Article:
PETALING JAYA: They know what they don’t know – young voters themselves are asking for political education to be embedded in the education system to prepare them to make informed decisions for the country’s future.
As it stands, some of them had to resort to educating themselves.
One such young person was Siti Nor Hidayah Sahrunizam. Her first experience of voting was in the 15th General Election last month, and she had armed herself with the necessary research prior to polling day.
The 22-year-old did online research on each candidate in her Tebrau constituency before making her decision.
“I think my decision was influenced by the things that I saw on social media, as I often scrolled through and read or listened to campaigns online – I was not at all influenced by my family as we have different views,” she said.
A 21-year-old student who wanted to be known only as Syed admitted to not having any comprehensive knowledge about politics, adding that his voting was influenced by family members and social media.
“I made my decision on who to vote for by watching videos from TikTok, Facebook, and others,” he said, adding that he would support the idea of introducing political education in schools.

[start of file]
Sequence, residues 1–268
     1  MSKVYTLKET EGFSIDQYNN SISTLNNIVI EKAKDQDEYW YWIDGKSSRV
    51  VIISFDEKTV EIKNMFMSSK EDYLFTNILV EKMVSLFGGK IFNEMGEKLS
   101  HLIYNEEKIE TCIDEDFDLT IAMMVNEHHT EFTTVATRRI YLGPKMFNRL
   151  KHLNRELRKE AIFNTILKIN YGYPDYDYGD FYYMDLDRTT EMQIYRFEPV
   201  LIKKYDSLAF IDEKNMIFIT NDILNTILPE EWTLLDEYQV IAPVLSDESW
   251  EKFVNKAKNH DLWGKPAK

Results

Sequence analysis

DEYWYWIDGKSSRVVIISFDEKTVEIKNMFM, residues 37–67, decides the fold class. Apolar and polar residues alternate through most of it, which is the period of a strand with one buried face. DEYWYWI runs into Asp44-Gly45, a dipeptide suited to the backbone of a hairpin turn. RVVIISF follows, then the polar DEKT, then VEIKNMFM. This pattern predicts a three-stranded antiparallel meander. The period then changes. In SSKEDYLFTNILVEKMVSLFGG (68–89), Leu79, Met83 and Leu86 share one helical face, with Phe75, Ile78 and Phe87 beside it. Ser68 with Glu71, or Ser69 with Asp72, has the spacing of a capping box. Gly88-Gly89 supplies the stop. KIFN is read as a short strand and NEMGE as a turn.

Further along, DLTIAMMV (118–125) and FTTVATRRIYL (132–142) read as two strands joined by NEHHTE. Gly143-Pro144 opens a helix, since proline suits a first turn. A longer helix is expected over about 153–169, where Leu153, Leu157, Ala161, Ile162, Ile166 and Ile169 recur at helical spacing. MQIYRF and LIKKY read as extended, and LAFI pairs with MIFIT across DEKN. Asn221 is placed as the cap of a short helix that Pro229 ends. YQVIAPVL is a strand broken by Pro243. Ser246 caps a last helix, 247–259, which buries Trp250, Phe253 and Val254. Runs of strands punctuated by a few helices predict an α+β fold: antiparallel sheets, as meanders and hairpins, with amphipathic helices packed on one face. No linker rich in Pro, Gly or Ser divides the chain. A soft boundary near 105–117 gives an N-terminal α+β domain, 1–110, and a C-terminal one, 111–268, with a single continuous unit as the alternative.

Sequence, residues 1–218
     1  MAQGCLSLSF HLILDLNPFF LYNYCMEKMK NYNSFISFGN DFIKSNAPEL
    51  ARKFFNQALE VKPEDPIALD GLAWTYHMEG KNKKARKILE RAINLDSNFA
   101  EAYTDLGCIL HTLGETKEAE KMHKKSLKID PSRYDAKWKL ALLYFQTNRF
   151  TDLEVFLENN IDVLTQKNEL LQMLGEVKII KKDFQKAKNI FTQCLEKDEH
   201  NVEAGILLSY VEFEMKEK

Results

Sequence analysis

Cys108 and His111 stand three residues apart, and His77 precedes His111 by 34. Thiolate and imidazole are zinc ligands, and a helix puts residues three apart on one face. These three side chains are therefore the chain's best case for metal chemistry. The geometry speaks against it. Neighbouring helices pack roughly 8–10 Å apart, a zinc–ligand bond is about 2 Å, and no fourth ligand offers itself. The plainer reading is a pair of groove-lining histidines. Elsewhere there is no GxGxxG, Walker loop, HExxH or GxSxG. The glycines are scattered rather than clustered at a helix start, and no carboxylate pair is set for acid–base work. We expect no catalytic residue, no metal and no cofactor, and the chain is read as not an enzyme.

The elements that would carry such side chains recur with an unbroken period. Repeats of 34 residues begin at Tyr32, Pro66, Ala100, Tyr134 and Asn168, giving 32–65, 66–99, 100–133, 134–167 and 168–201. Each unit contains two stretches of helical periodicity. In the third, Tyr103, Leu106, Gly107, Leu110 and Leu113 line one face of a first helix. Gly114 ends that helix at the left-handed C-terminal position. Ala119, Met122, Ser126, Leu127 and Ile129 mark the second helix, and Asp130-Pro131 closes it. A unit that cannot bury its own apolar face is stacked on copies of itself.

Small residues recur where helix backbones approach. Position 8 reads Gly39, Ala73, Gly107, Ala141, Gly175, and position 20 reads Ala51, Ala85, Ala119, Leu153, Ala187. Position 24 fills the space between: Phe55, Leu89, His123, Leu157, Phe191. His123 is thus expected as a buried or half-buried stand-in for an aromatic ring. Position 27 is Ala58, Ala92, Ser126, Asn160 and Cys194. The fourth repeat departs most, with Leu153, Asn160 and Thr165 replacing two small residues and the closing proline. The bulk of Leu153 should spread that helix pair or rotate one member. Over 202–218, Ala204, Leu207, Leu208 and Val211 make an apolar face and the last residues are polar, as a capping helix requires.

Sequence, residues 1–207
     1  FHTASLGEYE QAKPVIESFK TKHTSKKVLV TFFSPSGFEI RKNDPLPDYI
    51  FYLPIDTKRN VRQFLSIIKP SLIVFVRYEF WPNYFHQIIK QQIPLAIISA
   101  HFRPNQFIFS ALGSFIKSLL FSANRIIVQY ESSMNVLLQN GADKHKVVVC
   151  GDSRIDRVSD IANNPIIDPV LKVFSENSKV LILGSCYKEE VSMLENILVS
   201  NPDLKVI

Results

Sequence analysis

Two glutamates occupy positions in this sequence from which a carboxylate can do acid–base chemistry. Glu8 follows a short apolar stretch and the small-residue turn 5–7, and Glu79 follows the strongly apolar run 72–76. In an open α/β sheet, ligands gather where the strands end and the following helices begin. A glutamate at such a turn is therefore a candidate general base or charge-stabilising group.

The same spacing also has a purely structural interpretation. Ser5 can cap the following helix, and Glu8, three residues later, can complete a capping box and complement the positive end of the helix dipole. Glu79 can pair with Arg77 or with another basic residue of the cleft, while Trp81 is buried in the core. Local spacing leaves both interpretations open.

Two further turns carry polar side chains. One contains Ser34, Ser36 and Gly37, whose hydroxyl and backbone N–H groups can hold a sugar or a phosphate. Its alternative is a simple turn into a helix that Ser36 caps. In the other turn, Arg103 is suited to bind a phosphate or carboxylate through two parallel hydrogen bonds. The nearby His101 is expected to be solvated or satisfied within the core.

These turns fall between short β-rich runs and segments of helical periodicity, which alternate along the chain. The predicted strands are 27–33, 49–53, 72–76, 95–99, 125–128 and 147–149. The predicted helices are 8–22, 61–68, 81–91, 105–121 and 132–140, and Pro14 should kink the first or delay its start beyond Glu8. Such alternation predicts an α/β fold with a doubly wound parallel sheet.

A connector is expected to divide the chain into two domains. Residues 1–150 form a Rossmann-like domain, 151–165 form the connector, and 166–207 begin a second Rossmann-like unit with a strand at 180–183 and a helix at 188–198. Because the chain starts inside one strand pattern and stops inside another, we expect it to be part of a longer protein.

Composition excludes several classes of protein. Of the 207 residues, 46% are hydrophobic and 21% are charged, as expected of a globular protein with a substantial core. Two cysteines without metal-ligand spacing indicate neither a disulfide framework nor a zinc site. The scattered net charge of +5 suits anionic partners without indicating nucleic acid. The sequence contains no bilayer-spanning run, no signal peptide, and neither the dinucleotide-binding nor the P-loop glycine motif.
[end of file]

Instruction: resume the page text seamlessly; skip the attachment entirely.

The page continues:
Nor Nadria Abdul Nadir Nurijil, 18, said she kept herself updated on current political developments.
“I was influenced by social media, but I also equipped myself with general knowledge.
“Before I made my decision, I vetted the candidates’ past performance to see if they had good leadership skills and the credibility to lead a country,” said the student from Pasir Gudang, Johor.
She, however, believes that political education should not be forced on students as it would deter them from actually learning the subject.
“I think that’s one way to introduce politics at a young age (through the syllabus). However, it shouldn’t be something too forceful that it would have the opposite effect on students.
“I would introduce it as a club for students to try and experience politics hands-on,” she added.